AUGUSTA, Maine — Sen. Patrick Flood, R-Winthrop, on Tuesday took responsibility for a firestorm that has raged since a Monday night vote of the Appropriations Committee that excluded Republicans. He said the committee vote that set off the controversy resulted from a miscommunication on his part.
Rep. Kathleen Chase, R-Wells, the GOP’s ranking member on the committee, said later that she was in the same meeting with Flood and that there was no miscommunication.
Flood, the only Republican senator on the Appropriations Committee, said Tuesday morning that he thought Sen. Dawn Hill, D-Cape Neddick, the committee’s Senate chairwoman, told him that the committee vote on a bill, LR 2721, to restore $40 million in state aid to cities and towns would be postponed until Tuesday.
“My bad,” said Flood to the BDN on Tuesday after the Senate went into recess for the day. He said he had spoken to Hill by telephone about the matter earlier in the day.
“I think [Hill] felt like she made it clear that the vote was going to be [Monday] evening,” said Flood. “I didn’t get that impression. I thought we were done for the evening and suggested that a few of our people go home. It was a misunderstanding and I’m sorry it happened. We should be able to patch this up, today hopefully.”
He told the BDN on Tuesday that he regrets the miscommunication, which ignited a fusillade of charges and countercharges from Republican and Democrats in the Legislature — and from the state’s Republican and Democratic parties.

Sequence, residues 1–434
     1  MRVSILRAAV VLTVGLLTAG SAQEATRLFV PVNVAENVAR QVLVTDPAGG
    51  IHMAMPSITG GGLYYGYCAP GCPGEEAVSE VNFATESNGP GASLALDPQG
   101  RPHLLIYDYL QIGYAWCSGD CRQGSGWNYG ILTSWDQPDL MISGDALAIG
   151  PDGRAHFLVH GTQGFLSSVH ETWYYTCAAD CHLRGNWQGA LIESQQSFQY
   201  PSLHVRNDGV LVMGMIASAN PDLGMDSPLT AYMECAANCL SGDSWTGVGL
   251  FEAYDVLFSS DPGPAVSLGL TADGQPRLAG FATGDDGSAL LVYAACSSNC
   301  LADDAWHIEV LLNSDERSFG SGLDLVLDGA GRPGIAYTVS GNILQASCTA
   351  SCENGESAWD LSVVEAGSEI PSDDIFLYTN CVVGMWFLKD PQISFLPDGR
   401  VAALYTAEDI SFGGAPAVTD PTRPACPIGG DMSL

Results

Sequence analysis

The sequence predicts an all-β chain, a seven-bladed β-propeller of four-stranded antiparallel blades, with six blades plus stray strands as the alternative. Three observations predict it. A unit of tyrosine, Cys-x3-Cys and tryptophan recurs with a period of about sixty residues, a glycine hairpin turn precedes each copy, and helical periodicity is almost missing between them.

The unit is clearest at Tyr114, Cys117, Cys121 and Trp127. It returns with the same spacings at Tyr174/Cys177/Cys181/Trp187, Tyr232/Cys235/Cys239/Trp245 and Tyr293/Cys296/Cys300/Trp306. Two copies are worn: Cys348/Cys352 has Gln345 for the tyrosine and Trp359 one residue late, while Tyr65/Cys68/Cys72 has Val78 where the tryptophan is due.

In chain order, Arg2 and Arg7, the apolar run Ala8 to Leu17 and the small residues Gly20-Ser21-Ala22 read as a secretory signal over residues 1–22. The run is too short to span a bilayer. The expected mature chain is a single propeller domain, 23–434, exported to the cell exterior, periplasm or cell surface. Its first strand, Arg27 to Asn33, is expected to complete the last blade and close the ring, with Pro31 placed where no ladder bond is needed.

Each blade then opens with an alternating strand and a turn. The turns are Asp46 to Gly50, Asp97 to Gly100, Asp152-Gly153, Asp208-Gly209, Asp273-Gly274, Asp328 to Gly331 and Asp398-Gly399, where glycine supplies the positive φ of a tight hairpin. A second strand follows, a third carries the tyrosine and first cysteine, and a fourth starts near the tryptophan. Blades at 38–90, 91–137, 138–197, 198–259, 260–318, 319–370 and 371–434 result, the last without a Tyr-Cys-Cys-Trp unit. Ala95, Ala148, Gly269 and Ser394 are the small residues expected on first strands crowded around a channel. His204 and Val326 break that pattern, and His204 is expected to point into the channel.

With only seven Democrats on the committee present, the budget-writing panel voted 7-0 to send to the House a bill that would restore $40 million in municipal revenue sharing to cities and towns for fiscal year 2015.
Republicans called it a “secret vote.” Democrats labeled the Republican committee members’ actions “cut and run.”
Republican leaders, who also called Monday night’s Appropriations Committee vote “a disgrace,” continued on the offensive during a news conference at noon Tuesday at the State House. They decried the vote as “Washington-style” politics and said any inference that Republicans knew a vote would take place and chose not to participate was “a lie,” according to Chase.
Chase told the Bangor Daily News following the news conference that she was involved in the same meetings with Hill as Flood was and that it was clear to her that Democrats told Republicans they would hold off on the vote until Tuesday.
“There was no misunderstanding,” she said. “It was very clear to me that the vote was going to be today. I was there. I know what I heard.”
Flood did not attend the news conference.
Hill told the BDN on Tuesday that Republicans on the committee made it clear to her that they would not vote on the bill Monday night. She said she convened the Democrats on the committee and when it became clear that Republicans were not going to show up, she went forward with the vote.
After a day of rancor in which Democratic and Republican legislative leaders tossed accusations at each other, the Appropriations Committee convened late Tuesday in large part to clear the air and for Republicans to record their votes on the bill. The end result was 8-5, along party lines, for an ought to pass recommendation.